North Carolina coach Larry Fedora and Pitt coach Paul Chryst are each entering their third seasons at their respective schools, typically benchmark years during which the direction of the program becomes more clear. Both Coastal Division coaches inherited messy situations but have since been able to stabilize them and put their teams in position to win. Expectations should be higher this fall for both programs -- and it's anybody's game in the division race -- but which coach has more to prove in Year 3? Andrea Adelson and Heather Dinich debate ...
AA says: Paul Chryst
Chryst knew he was walking into a tough situation at Pitt because of all the coaching instability that preceded him. That instability had a ripple effect throughout the program, not only making an impact on players already on campus but recruiting classes as well.
All that has been evident in two seasons. Chryst has gone 13-13, and his teams have looked as average as that record indicates. The results have been understandable, given the challenges he inherited. Pitt, after all, had zero players drafted in the last two years -- a clear reflection of the dysfunction that existed.
Note the past tense there. Because Pitt football is not dysfunctional anymore. Headed into Year 3, it is time for Chryst to prove why he was hired. Not to be average but to bring this program back to an elite level.
The pieces are in place for a turnaround. For starters, Pitt has some bright, young talent at the skill positions in receiver Tyler Boyd and running back James Conner. Quarterback Chad Voytik, one of the headliners in the first class Chryst signed in 2012, showed flashes in the Panthers' bowl game last season and is expected to elevate the play Pitt has received at that position over the last several years.
Four starters return to the offensive line. The defense, which needs to replace All-American Aaron Donald, does have some talent returning at key positions. The nonconference schedule is not incredibly difficult, either. The toughest game is against Iowa at home. The Panthers also avoid playing the top three teams in the Atlantic Division.
The Coastal is, how shall we say this, not exactly the same as the SEC West. Easily the more winnable of the ACC divisions, it is hard to label anybody a prohibitive front-runner. No team has an undisputed edge over another when it comes to talent. If Duke -- a team that signed one four-star player between 2010-13 -- can win the Coastal, surely Pitt can, too.
This takes us back to coaching. Pitt is chasing Duke in large part because of the work David Cutcliffe has done building the Blue Devils' program. Chryst did not have experience as a head coach before taking the Pitt job, but now he should be considered a veteran. Six coaches in the ACC have been with their programs for less time than Chryst.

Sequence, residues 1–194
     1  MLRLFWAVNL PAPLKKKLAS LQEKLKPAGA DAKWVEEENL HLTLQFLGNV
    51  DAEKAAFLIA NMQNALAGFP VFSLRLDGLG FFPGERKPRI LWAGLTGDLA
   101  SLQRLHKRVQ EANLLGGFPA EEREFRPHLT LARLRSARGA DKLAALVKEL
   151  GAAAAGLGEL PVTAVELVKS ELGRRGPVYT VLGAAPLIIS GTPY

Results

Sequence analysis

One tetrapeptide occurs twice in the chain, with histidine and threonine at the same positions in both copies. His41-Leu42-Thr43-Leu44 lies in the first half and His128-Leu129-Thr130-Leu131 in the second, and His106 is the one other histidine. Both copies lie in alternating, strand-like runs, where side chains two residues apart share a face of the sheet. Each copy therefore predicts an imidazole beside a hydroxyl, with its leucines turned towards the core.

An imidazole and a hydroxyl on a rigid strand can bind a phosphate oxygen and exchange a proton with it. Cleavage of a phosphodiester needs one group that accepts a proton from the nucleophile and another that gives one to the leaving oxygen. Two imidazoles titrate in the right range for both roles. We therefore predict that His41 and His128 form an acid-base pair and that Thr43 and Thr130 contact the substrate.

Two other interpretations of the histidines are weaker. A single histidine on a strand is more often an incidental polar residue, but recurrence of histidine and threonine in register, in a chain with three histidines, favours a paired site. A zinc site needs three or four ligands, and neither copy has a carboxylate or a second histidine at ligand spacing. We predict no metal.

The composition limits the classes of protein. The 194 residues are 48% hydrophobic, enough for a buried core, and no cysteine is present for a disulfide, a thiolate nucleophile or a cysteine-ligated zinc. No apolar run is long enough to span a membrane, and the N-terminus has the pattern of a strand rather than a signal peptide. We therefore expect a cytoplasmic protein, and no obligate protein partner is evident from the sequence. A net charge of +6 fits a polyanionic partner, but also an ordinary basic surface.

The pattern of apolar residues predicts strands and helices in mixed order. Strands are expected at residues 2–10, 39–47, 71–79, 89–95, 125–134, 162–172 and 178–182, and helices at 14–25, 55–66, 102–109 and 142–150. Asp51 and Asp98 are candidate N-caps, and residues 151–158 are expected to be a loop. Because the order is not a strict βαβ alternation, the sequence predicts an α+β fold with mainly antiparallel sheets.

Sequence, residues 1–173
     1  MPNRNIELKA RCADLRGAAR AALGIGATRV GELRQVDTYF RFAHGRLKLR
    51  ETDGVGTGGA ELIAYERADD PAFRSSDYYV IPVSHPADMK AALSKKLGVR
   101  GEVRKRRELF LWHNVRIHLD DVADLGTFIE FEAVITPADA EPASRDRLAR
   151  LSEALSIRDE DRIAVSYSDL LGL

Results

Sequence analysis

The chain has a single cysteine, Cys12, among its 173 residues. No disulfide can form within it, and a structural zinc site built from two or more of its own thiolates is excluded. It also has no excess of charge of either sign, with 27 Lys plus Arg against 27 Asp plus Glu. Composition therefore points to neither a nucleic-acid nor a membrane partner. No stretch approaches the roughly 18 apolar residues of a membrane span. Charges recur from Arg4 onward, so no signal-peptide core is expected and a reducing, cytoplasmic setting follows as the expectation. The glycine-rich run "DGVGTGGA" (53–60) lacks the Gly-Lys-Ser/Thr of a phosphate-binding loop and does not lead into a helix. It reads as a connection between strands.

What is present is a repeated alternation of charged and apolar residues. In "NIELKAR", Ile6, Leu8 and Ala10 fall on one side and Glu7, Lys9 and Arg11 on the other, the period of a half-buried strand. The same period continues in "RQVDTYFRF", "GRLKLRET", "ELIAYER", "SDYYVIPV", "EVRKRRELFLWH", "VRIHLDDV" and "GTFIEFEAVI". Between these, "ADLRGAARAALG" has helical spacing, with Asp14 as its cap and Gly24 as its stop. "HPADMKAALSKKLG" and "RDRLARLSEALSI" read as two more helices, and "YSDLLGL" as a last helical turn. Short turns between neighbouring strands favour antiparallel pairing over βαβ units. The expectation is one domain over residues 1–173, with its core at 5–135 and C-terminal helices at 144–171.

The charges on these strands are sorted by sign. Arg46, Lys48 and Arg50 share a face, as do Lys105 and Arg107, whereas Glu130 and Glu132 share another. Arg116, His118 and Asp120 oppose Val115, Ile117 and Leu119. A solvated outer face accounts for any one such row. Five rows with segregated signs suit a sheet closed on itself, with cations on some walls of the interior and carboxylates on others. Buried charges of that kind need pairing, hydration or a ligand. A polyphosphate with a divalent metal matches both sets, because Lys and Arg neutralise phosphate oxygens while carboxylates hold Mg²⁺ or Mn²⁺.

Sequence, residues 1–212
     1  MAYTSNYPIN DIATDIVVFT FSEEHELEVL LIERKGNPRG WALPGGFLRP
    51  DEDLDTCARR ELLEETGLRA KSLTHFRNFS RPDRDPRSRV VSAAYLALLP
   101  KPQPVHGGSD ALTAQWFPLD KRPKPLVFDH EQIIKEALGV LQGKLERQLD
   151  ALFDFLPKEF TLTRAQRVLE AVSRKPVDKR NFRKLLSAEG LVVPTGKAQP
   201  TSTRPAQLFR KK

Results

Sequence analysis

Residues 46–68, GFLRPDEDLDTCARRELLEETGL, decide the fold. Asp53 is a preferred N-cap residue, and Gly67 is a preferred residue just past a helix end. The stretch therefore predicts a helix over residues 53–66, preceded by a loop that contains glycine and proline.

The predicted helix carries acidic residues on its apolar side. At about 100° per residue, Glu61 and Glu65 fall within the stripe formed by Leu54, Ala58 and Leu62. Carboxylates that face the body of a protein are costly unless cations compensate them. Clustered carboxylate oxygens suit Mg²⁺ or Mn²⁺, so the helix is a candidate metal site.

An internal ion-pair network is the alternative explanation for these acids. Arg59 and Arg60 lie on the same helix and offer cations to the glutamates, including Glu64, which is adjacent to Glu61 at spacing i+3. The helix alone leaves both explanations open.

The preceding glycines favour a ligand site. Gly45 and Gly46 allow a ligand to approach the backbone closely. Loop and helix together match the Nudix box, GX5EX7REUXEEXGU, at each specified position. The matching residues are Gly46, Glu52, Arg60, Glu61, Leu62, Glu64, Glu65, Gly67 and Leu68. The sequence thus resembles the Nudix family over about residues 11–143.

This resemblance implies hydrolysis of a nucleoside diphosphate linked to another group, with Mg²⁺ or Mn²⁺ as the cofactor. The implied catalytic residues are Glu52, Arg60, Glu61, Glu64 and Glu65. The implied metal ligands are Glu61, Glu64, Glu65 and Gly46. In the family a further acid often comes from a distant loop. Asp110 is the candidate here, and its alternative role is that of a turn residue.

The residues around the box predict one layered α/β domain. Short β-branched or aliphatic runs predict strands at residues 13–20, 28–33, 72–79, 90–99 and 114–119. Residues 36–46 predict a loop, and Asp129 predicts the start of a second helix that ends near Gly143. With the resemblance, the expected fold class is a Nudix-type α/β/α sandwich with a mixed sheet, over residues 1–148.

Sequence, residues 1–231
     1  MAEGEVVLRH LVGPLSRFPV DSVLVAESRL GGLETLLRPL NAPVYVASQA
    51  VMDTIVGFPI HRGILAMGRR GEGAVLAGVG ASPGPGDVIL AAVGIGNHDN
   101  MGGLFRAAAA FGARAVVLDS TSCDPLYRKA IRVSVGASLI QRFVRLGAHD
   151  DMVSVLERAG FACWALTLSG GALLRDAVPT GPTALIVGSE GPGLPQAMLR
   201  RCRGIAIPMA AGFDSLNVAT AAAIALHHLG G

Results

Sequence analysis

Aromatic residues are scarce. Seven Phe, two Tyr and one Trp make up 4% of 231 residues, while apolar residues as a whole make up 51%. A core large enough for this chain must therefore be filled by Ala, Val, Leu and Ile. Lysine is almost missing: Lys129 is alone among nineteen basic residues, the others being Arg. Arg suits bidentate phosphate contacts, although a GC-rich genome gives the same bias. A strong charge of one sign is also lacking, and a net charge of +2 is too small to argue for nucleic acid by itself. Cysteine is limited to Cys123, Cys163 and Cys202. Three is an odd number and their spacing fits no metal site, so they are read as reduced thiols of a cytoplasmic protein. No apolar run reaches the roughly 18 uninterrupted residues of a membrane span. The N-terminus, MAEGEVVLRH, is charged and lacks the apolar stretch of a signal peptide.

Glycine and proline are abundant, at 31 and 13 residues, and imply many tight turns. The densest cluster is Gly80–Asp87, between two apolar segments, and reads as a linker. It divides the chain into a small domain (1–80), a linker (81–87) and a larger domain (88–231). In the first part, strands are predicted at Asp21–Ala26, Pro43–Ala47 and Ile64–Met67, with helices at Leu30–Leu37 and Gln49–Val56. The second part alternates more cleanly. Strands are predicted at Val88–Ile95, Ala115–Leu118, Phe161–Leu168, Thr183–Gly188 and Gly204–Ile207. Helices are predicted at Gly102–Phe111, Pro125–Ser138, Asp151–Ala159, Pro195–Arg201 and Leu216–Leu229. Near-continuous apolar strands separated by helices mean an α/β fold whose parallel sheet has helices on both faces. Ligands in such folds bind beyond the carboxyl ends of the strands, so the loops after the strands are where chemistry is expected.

There is no doubt patience has been required as Chryst has had to essentially build this program from scratch. But now he has talent, a favorable schedule and a favorable division breakdown. It's time for Chryst to prove himself.
HD says: Larry Fedora
For years, North Carolina’s program has been on the brink of pushing through to the top of the Coastal Division standings, even in the face of NCAA sanctions and a coaching change. Butch Davis hit an eight-win plateau in his final three seasons before he was fired. Fedora hit the eight-win mark in his first season before leading the program to seven wins in 2013.
Now, as Fedora prepares to enter his third season in Chapel Hill, UNC fans should feel free not only to embrace the hype but to expect Fedora to deliver on it.
Fedora will caution that the Tar Heels are young, that the program still isn’t quite where he wants it to be. The youth on his roster, though, might be the greatest asset. At this point, there has been enough time to recruit, time to establish a culture, expectations and some staff consistency. The dust has settled from the NCAA sanctions, and UNC made the most of it with a victory over Cincinnati in the Belk Bowl last year. There’s no denying the program is ahead of Wake Forest and NC State, which are both still fledglings in the rebuilding process. In what should be yet another watered-down season for the ACC’s Coastal Division, this is the perfect opportunity for North Carolina to leapfrog Duke at the top of the standings.
One of the biggest reasons for optimism in Chapel Hill is how well Fedora and his staff have recruited. Last year, Fedora pulled in the No. 21 class in the country for his first full signing class. It was a group that included Ryan Switzer, who quickly emerged as one of the top punt returners in the country and should continue to be one of the ACC’s most dynamic return specialists. He should also have a bigger role in the offense in 2014.
In the past two recruiting classes, UNC has signed eight players ranked in the ESPN 300, including highly touted running back Elijah Hood this year. With T.J. Logan, Khris Francis, and Romar Morris all returning, expect UNC’s running game to improve this fall.
The entire team should.
North Carolina enters this fall 15-10 in two seasons under Fedora. He has yet to beat rivals Duke or Georgia Tech -- a must to win the division, especially considering the recent rise of Duke.
North Carolina, though, didn’t have nearly as far to climb.